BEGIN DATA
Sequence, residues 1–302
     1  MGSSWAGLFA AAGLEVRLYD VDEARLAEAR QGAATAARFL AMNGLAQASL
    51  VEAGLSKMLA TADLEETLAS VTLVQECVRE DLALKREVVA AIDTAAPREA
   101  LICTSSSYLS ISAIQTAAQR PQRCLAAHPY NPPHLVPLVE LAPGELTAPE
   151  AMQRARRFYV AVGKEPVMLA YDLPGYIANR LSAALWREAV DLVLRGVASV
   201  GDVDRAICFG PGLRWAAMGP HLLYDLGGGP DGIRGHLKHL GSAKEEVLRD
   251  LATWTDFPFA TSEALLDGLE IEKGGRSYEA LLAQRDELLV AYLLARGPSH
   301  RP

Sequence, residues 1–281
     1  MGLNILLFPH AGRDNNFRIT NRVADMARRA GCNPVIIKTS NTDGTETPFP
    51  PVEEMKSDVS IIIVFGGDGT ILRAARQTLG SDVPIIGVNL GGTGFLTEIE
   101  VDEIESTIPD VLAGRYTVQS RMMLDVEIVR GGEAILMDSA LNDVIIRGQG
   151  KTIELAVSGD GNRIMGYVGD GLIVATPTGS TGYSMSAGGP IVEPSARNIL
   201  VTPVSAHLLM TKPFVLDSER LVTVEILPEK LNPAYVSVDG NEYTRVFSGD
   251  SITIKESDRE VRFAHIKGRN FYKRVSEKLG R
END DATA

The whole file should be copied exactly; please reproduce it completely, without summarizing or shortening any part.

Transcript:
Sequence, residues 1–302
     1  MGSSWAGLFA AAGLEVRLYD VDEARLAEAR QGAATAARFL AMNGLAQASL
    51  VEAGLSKMLA TADLEETLAS VTLVQECVRE DLALKREVVA AIDTAAPREA
   101  LICTSSSYLS ISAIQTAAQR PQRCLAAHPY NPPHLVPLVE LAPGELTAPE
   151  AMQRARRFYV AVGKEPVMLA YDLPGYIANR LSAALWREAV DLVLRGVASV
   201  GDVDRAICFG PGLRWAAMGP HLLYDLGGGP DGIRGHLKHL GSAKEEVLRD
   251  LATWTDFPFA TSEALLDGLE IEKGGRSYEA LLAQRDELLV AYLLARGPSH
   301  RP

Sequence, residues 1–281
     1  MGLNILLFPH AGRDNNFRIT NRVADMARRA GCNPVIIKTS NTDGTETPFP
    51  PVEEMKSDVS IIIVFGGDGT ILRAARQTLG SDVPIIGVNL GGTGFLTEIE
   101  VDEIESTIPD VLAGRYTVQS RMMLDVEIVR GGEAILMDSA LNDVIIRGQG
   151  KTIELAVSGD GNRIMGYVGD GLIVATPTGS TGYSMSAGGP IVEPSARNIL
   201  VTPVSAHLLM TKPFVLDSER LVTVEILPEK LNPAYVSVDG NEYTRVFSGD
   251  SITIKESDRE VRFAHIKGRN FYKRVSEKLG R